Motivated Mama - Yay on getting the mortgage payment made and bringing the cars current, good news!


Eirual - Welcome "home" :)  I think that DR would probably say to put the tax oops at the top but you're in Canada, right?  His advise is based on knowledge of the IRS so it may not apply in your case.  I'm with you on wiping it clean for mental clarity, that gets my vote (FWIW hehe)


2cutiekitties - I'd rather not have a mortgage payment or a rent payment - that's my plan!  :)  Instead of sending $2k/month to the mortgage company I could drop that $2k into an investment.  So if you have a paid off mortgage you won't have a monthly payment - of course I'm not counting taxes, electricity, etc but the actual mortgage/rent payment would be gone.  


On the car front, watch the video in the first link I posted a few posts back for an idea of where I'm coming from.  I don't think of a car as an investment.  To me, an investment goes up in value and a car does nothing but go down.  Until recently I had $1100 a month in car payments - one for a Lexus we bought for $38k and the other a used Nissan we bought for $18k.  We have a pretty large household income so that $1100/mo wasn't much but we could have certainly made better choices with our money.  The thought on this is that consumers need to get away from the "how much per month" mentality and move towards the "how much" thought process. I couldn't afford a $38k car because I didn't have the money to pay for it outright but I could easily afford the $700/mo payment.  


So for me, debt is getting in the way of investing for my future. I know this isn't how everyone thinks and I'm totally OK with that.  My sister never takes out car loans, they save up cash for new cars and buy them outright.  They do have a mortgage and she puts all of her expenses on her Discover Card and pays it off monthly.  She has for the last decade and that works for her but it may not work for the next family.  


Thanks for asking your questions - I'm not sure if I answered them but it definitely got me thinking about why I'm focusing on getting out of debt and I appreciate it.  :)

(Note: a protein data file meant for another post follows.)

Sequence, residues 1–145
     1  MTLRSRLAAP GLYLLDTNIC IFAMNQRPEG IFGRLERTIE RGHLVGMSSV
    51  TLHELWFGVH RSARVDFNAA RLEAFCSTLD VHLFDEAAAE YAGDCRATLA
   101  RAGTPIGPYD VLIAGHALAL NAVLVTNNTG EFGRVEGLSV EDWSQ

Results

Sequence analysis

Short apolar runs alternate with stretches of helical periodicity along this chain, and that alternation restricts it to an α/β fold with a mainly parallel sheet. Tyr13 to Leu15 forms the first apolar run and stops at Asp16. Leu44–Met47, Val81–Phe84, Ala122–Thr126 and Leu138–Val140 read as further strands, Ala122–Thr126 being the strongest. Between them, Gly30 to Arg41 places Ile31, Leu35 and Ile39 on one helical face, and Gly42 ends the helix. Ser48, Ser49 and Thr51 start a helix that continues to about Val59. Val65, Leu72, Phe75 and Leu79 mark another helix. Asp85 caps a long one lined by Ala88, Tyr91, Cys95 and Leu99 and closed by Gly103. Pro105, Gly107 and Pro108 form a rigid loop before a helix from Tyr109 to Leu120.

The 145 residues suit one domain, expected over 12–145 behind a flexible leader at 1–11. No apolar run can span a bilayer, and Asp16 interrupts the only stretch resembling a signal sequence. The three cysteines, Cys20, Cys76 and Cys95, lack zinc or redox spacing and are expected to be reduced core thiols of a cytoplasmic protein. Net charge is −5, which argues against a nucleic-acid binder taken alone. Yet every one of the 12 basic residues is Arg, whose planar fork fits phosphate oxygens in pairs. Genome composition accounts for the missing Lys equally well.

post #37 of 112

I think DR would say to pay your stupid tax and get something you can afford. That's a choice you'll have to make though- personally, I find not having a car payment is dreamy!


URGENT: I have another quick question. I'm meeting with the bank today. The School Board gave me $2,500 to put towards retirement. Should I invest that in a GIC (more profitable than an RRSP) or use it to pay down this recently racked-up debt, then worry about investing?


Meeting's in an hour....I'm feeling like I'll invest, just 'cause if we don't now, I'm not sure when we will. But at the same time it would propel us ahead much faster and it might get us closer to being ready to invest seriously sooner! 

post #38 of 112

Oh yes, not having car payments is wonderful!  It felt like instant financial freedom even though we still have a few more things to finish paying.  


As far as the $2,500 goes, I'd probably make sure you have an emergency fund and then put the rest towards debt.  Do they require you to put it towards retirement, though?

post #39 of 112

It had to stay in an RRSP for 6 mos, but that time's up. I ended up keeping it invested though, because to take it out would mean we'd lose 1/4 of it to taxes.

post #40 of 112
I'd have done the same thing, I didn't realize there were tax implications.